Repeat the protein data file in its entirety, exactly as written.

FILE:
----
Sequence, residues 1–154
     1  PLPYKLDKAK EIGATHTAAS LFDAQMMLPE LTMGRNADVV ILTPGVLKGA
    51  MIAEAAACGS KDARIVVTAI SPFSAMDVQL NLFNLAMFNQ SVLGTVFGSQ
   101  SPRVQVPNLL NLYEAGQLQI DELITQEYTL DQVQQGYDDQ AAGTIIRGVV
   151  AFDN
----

Sequence, residues 1–154
     1  PLPYKLDKAK EIGATHTAAS LFDAQMMLPE LTMGRNADVV ILTPGVLKGA
    51  MIAEAAACGS KDARIVVTAI SPFSAMDVQL NLFNLAMFNQ SVLGTVFGSQ
   101  SPRVQVPNLL NLYEAGQLQI DELITQEYTL DQVQQGYDDQ AAGTIIRGVV
   151  AFDN